So Nicodemus goes looking for reassurance. We’re all looking for a little reassurance. Hey, I’m looking for a sack of it. Can’t blame Nicodemus for that. But what he gets, in return, is this provocative little teaching. Jesus with a wink. “Am-ên, am-ên!” he says. “No one can see the kingdom of God—or the mystery of God—or the deep presence of God—there is no spiritual transformation (in other words)—without being born again, and again and again!” You gotta do that whole birth canal thing: you gotta be pressed and pulled, delivered and wiped clean, over and over and over again.
Now this is not the way Christians usually read this text. You know how it goes. They read it as a test: Believe in the Son, or else. Call on the name of Jesus, or else. Our guy’s the only guy, so there. But don’t you think that’s missing the point? “Am-ên, am-ên!” he says. “There’s no spiritual transformation, there’s no maturing of the human spirit, there’s no wholeness at all—without being born again, and again and again!”
I came across the writings of a Greek Orthodox woman recently, Frederica Mathewes-Green, teacher and founder of an innovative Orthodox church in Baltimore. She’s talking about some of the differences between western and eastern spirituality—within the big umbrella of the Christian tradition. It’s really, really interesting.
She starts by describing the traditional western hermeneutic of atonement: that idea that human beings are fallen creatures, depraved, in need of radical intervention and salvation. So Jesus comes—in this hermeneutic of atonement—to offer his life as payment for our sin and to reconcile our depraved humanity to God’s perfect divinity. I may have glossed this up a bit; but I think you know what I’m talking about. It’s pretty much the Christianity most of us, in the west, grew up with. In one form or another.
But Frederica Mathewes-Green says Christians in the east—in the Eastern Orthodox tradition—have a different take. Instead of diving headlong into the whole atonement thing, Easterners have this concept they call ‘theosis.’ And ‘theosis’ is really the process of becoming, the journey of transformation. ‘Theosis’ means that God dwells within us from the very beginning, from the beginning of beginnings. And over the span of our lives, as we look to the example of Jesus, as we immerse ourselves in God’s grace, we are constantly evolving, constantly re-forming, constantly becoming the full expression of God’s light in us.
I hope this isn’t too geeky, as far as the theology goes. But I think it’s tremendously important for us, particularly for us. And I think it’s hugely important for little William Tomlinson and the Christian journey he begins today. What we’re extending to William is companionship on his journey of transformation. God has been with William and within William and over William from the beginning of beginnings. You see that in his eyes. You see that in his holy little fingers. You see it in the way his mom and dad and little sister glow when they’re around him.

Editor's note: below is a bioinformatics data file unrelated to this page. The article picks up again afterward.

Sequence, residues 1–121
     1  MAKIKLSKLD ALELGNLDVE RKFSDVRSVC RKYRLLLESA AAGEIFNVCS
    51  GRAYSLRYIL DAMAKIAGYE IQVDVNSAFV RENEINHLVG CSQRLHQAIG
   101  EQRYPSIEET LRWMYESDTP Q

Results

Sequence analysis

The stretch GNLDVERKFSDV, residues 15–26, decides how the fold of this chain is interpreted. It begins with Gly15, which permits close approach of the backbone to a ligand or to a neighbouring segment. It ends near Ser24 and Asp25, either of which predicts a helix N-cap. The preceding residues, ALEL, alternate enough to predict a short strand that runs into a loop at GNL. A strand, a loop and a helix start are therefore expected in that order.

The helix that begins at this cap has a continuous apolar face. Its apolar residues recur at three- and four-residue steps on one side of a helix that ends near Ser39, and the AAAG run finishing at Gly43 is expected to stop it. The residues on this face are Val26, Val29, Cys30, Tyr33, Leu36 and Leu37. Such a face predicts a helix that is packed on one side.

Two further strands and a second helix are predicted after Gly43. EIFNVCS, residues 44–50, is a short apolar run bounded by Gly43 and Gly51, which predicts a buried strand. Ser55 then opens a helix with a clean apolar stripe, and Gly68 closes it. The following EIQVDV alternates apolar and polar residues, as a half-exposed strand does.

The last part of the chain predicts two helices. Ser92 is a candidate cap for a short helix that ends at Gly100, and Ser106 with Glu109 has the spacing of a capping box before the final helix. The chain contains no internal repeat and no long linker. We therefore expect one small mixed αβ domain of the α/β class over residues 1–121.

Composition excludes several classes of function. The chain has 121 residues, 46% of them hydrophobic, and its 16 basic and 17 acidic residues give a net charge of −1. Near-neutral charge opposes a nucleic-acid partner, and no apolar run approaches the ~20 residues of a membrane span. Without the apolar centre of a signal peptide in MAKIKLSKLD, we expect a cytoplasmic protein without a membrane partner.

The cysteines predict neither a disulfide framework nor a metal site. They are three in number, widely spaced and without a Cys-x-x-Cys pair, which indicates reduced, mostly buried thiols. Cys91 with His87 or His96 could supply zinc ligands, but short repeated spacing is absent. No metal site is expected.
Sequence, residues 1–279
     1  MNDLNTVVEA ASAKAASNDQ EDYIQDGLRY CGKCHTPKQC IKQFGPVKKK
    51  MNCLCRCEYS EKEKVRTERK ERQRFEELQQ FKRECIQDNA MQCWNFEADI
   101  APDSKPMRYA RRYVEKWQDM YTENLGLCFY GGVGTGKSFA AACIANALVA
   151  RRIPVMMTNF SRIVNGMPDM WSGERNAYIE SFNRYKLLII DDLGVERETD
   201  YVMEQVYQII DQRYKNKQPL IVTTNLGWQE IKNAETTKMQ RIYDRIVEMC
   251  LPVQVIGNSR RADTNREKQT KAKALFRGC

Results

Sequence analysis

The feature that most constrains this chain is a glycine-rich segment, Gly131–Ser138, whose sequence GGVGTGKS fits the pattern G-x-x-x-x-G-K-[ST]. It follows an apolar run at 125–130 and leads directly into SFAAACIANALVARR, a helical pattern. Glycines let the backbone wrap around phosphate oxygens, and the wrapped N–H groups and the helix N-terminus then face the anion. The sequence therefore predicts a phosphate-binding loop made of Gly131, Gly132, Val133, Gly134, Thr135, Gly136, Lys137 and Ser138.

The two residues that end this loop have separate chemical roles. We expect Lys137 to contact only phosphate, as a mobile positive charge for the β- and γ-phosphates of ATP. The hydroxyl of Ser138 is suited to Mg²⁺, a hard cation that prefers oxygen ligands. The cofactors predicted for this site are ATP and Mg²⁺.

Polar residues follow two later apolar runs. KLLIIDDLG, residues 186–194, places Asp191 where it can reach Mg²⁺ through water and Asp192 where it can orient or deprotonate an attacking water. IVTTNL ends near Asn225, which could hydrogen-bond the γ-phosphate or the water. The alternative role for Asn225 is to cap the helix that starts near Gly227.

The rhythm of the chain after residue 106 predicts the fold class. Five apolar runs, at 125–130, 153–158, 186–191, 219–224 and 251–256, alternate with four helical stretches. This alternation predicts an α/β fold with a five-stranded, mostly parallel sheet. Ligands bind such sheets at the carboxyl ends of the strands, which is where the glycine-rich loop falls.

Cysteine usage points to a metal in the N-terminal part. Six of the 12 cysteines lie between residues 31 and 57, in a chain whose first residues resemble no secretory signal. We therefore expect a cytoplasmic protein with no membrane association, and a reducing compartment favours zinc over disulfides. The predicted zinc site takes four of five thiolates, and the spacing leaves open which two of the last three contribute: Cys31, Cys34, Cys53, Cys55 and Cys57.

We want to make Jesus come alive for William here. We want to make Jesus’ love come alive, make his stories come alive. Not because Jesus has to atone for William’s depravity; but because there’s a journey of transformation waiting here. William begins this amazing journey this morning into the light, into the truth of his soul, into the fullest expression of his humanity and spirit. Frederica Mathewes-Green calls it ‘theosis.’ And I like it. Let’s you and I be sure that little William Tomlinson learns to delight in his journey of transformation, discovery and homecoming. Because that’s what we’ve promised this morning. God is ready. And so are we.
There’s this piece of Nicodemus, I think, in every one of us and, undoubtedly, in every congregation too. And it makes sense. We want to be reassured. We want to know there are rules that work, rules we can rely on, and promises worth believing in. It’s hard to get up in the morning without some of these assurances.
But make no mistake about today’s text, about this teaching and being born again and again and again. This is not about timeless rules that work. And this is not about promises we can believe in without thinking, and without wrestling, and without praying. I daresay this is not about atonement, a one-time theological fix. This teaching is about the wind. There’s a saying that goes: “You can’t change the wind; you can, however, adjust your sails.” This teaching is about that.
It’s about our being open to where the wind might lead us. And trimming our sails to follow its lead. It’s about your developing the kind of spiritual life that lays itself bare to gusts of grace and whispers of spirit. It’s about praying and studying and learning and wondering; and it’s about trusting, yes, that the wind knows your name.
In other words, it’s not, it’s never been automatic. You don’t inherit this God-stuff like your daddy’s money or your mama’s religion. You don’t come into the kingdom of God simply because you graduated phi beta kappa or you go to church every week. “You just can’t see the kingdom,” Jesus says, “without being born again, and again and again!” You gotta go through the birth canal, you gotta be pressed and pulled and delivered, over and over and over again.
I’m not saying—I will never say—all this trauma (Japan, Libya, war, recession) is good for us: that it’s God’s way of testing and teaching us. I kind of think that’s simpleminded foolishness. But I do think we’ve got a choice in these stormy days of 2011. Especially now. We can fall back on old rules, on shattered certainties, on the grim hermeneutic of atonement. Make Jesus a formula.
Or. Or you can listen for the wind, watch for the spirit, and trust that it speaks your name. You can surrender to the mystery of the kingdom, the rigors of the birth canal, the journey of transformation. I think that’s your choice. I think that’s the church’s choice. That's what we’re doing for William today. Who knows about tsunamis and earthquakes, about the Pacific Rim of Fire and whether we should be building nuclear reactors on fault-lines or anywhere at all?
Jesus says, in all this uncertainty, in all our vulnerability, we can and we will taste the kingdom of God. That kingdom is always at hand. That kingdom is always with us. Ours to taste. Ours to cherish. If we’re willing. If we’re willing to be born again, and again and again. This journey is not for the faint of heart. But this journey is ours. Amen.